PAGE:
Saturday, October 25, 2008

More About Exams

We're heading up towards the end of the first trimester, so I've started thinking about exams. Last year we did a bit of Charlotte Mason type exams, at least in the first term.

I went searching online back then for resources and examples, but a few new ones have shown up online since then:

The Tyranny of Exams -- not against CM, but against the "competitive exams" so prevalent nowadays. According to this very interesting blog post, CM wrote:

We absolutely must get rid of the competitive examination system if we would not be reduced to the appalling mediocrity which we see, in China, for example, to have befallen an examination-ridden empire.
CM believed that exams were supposed to be an opportunity for students to demonstrate what they knew, not be caught out in what they didn't.

Ambleside Online has updated their site quite extensively during this summer and has a Exam Project site with examples of CM exams for different age levels. It also has a list of Big Questions that CM tended to emphasize in her exams.

Simply Charlotte Mason has a blog on exams, too.

From the sample PNEU Exams for middle schoolers you find a lot of examples of quotes given and explanations asked for, such as this:

"The gods have come down to us in the likeness of men." Where and by whom was this said? What ancient story is referred to?
You also get lots of:

Give an account of....
What do you know of....?
Tell the story of...
and in language

Take from unstudied dictation...
In some ways, not unlike narration itself, except looking at a bigger picture.

Oddly enough, the verbs in the exams are quite similar to those in the public-school standards such as California's. Where I think they differ is that the CM exams referred to particulars and to specific books of literary quality, whereas the CA standards, for example, refer to general knowledge and often to abstract ideas. I think that CM expected students to read excellent works and dig out the meat for themselves, so to speak. Whereas many of the standard-based lesson plans I find online, at least, are like this, or this. There is a well-meant attempt to pull students in with references to their own experience and conventions, but I think CM would have thought this missed the point of a liberal education, designed to foster the ability to look past one's own time and frame of experience. And the modern standards seem to be designed towards teaching the child what to think about the events he reads about.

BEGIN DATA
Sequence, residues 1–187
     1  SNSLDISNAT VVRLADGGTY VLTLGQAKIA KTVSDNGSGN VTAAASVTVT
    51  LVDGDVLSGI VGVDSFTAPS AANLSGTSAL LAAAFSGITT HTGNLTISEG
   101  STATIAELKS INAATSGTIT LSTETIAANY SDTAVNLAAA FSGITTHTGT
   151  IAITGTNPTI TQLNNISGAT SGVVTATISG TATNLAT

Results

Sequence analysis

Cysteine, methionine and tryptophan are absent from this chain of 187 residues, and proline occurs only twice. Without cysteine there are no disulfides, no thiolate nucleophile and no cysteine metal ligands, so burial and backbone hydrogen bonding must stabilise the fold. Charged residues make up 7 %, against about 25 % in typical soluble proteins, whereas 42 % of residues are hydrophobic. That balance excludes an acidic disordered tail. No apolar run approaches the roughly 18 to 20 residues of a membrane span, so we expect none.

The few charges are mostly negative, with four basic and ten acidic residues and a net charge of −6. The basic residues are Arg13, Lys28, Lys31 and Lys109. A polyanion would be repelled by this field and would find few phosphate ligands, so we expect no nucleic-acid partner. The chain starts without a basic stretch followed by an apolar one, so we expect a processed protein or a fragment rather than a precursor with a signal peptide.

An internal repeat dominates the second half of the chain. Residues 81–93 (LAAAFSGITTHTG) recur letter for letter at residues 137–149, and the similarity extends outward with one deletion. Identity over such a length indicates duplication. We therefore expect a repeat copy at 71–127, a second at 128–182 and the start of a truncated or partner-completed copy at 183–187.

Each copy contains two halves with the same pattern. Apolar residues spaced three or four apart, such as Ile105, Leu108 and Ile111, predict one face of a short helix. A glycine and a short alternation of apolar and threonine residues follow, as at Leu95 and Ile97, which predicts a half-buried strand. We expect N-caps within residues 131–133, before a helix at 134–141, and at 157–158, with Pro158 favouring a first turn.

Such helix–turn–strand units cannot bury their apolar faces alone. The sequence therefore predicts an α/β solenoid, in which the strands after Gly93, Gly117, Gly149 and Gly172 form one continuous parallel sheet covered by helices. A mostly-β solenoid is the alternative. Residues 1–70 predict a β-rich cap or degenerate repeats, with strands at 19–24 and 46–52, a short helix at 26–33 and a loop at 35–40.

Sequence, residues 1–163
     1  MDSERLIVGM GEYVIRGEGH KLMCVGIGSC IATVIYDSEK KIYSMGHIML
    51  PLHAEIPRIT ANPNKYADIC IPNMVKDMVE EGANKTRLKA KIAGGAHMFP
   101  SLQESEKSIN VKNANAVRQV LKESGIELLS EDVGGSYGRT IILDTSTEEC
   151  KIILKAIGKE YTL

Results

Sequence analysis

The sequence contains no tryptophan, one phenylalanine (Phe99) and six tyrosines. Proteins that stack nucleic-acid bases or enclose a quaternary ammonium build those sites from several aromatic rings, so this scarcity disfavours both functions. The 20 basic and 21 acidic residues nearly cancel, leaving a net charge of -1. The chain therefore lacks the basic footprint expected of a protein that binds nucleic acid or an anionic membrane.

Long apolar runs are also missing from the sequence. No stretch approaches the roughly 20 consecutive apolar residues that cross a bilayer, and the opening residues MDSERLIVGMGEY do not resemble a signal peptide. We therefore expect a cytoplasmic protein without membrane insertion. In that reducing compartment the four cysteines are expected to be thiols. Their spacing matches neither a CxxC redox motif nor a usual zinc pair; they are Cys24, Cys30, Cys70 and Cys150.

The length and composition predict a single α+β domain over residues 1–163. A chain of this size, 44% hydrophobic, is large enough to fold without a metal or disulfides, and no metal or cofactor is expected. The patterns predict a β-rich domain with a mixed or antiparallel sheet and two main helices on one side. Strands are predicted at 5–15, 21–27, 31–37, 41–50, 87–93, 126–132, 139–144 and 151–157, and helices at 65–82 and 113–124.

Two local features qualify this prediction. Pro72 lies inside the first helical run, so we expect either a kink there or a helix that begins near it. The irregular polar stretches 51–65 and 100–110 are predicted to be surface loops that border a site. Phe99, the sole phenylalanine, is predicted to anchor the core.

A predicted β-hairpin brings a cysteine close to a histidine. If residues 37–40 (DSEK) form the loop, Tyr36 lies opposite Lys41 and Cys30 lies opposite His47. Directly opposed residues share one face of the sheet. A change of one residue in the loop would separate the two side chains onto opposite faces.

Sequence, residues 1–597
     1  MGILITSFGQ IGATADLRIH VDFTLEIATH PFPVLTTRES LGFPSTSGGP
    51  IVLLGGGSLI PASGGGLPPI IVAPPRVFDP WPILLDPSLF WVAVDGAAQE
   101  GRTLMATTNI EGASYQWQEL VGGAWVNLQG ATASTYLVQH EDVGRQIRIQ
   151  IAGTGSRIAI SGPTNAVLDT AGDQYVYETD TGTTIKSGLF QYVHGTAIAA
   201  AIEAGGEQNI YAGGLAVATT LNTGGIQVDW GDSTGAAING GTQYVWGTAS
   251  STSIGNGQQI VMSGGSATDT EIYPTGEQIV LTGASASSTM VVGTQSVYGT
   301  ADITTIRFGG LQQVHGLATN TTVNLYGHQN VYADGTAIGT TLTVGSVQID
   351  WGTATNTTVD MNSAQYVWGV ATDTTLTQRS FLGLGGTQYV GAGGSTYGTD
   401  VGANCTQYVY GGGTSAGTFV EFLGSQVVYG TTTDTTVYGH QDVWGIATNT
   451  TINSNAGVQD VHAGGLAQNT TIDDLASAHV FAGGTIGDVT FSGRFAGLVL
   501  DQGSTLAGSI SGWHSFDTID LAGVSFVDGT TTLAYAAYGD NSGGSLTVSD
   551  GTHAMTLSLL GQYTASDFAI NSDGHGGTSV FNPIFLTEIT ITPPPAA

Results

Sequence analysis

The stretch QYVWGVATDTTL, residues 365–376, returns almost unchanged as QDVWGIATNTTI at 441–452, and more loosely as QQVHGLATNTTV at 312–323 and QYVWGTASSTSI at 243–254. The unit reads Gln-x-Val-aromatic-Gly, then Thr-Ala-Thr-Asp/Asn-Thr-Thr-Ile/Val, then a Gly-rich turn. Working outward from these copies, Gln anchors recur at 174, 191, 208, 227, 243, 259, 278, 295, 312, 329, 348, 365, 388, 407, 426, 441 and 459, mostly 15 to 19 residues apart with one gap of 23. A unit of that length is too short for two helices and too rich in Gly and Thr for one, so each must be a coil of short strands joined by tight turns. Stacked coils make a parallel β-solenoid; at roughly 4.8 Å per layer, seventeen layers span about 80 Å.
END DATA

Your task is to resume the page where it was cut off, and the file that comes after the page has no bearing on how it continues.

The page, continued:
It SOUNDS nobler in a sense to say "Study the early strengths and lasting contributions of Rome" than to say "Give an account of Horatius at the bridge". But I fear that the student in the first mode will basically be taught to say what the teacher or the textbook says about "strengths" while the student who has read about Horatius and perhaps then read Macaulay's poem will understand the strengths in a much more lasting way.

I had planned to write down study questions for my Year 7 student as we went through the coursework this term, but it did not happen. Sigh.... anyway, I'll probably work on that in the next couple of weeks. Those verbs I isolated are helpful -- now I just have to relate them to objects. I have to admit I am finding the Standards useful in looking at the big picture in what we're doing. I'll try to write more about that some other time.

Exams are kind of humbling for me because they make me realize how much we haven't gotten to that I meant to. For example, Music and Art, and handwork. Nature Study has taken a back seat too. And by no means the amount of writing I had hoped to do, though I think he's gained some ground in mental idea formation by the discussions we've had.

1 comment:

  1. Excellent post! I think the way you contrasted CM exams with modern exams is dead-on.